While the year 2020 left a somewhat bitter taste in the mouth of many for a plethora of reasons, one message was made quite clear through it all: mental health matters. As more cities, schools and buildings begin to open up, there are a variety of feelings that people are experiencing.
As college students, this can be a lot to handle on top of the tumultuous season of life these four years present. Luckily, Northwestern students are not alone during these hard times. The Wellness Center, located in the Rowenhorst Student Center right across from the Hub, offers a variety of mental health services to full-time students at NW.
“We seek to support the student body in overcoming problems and increasing mental health,” said Dr. Sally Oakes Edman, Director of Counseling at the Wellness Center. “We want to promote relational, spiritual and academic success, to maximize each student’s functioning in order to enable them to take full advantage of their NW education, connect knowledge and experience, flourish socially and be well poised to respond to God’s call.”
Established in 2000, the Wellness Center has experienced much change and adapted to what the needs of students are at the time, but their central mission has stayed the same: helping students succeed at finding wholeness in all areas of life. In years past, the Wellness Center has offered both mental and physical health services, but since the implementation of Orange City Area Health System’s walk-in clinic, located next to Holland Plaza Movie Theater, the Wellness Center has shifted their services strictly to mental health counseling. However, students are more than welcome to walk in at any time and use the massage chair, free of charge.
The Wellness Center is currently staffed with three licensed mental health counselors, who are aided by Suzanne Haverdink as an administrative assistant.
On top of adjusting their in-person services provided since the onset of the COVID-19 pandemic, the Wellness Center has learned how to use teletherapy to their advantage during these variable times.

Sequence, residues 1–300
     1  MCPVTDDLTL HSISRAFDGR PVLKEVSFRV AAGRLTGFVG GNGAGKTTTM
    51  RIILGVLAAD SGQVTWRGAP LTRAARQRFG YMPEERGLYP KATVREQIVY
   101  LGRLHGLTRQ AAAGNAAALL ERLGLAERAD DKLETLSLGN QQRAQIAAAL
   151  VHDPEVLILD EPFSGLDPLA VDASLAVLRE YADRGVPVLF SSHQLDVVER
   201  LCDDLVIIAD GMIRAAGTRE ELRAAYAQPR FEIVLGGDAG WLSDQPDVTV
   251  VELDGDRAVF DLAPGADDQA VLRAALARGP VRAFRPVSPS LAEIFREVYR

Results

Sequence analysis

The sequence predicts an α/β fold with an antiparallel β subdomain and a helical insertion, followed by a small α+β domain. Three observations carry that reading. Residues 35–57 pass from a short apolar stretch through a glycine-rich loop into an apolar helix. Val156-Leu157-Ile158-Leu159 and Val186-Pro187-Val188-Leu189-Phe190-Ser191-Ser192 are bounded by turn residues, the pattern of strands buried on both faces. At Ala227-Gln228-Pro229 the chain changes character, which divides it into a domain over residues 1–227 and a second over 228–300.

“I thought I would really hate teletherapy but was surprised to find it quite personal and functional,” said Edman. “While our waiting room was awfully quiet, overall we were very busy and felt like we were able to continue to do our work well, just in a slightly new way.”
These virtual services are still available to students if they prefer to receive therapy in this mode as opposed to in-person. Edman also said that while many students aren’t facing issues directly from COVID-related incidents, there is still a lot of anxiety, depression and social discomfort that have risen out of disruptions caused by the pandemic.
“I think the pandemic has made people more aware about the importance of mental health and the need for taking care of it. It’s definitely talked more about in the news and on social media,” said Haverdink.
The Wellness Center holds itself to a high standard when it comes to patient privacy and wants students to know that the office is a safe space for anyone who walks in. The environment is warm and welcoming, fully devoted to the flourishing of every student on campus.
“What I enjoy most about working here is the opportunity to get to know so many students, to hear their goals and dreams as well as areas of hurt and to play a part in their healing and growth,” said Edman. “I love discovering the individual story of each student’s life and walking alongside them. I learn so much from the students I work with and am privileged to be able to witness God’s healing work in their lives.”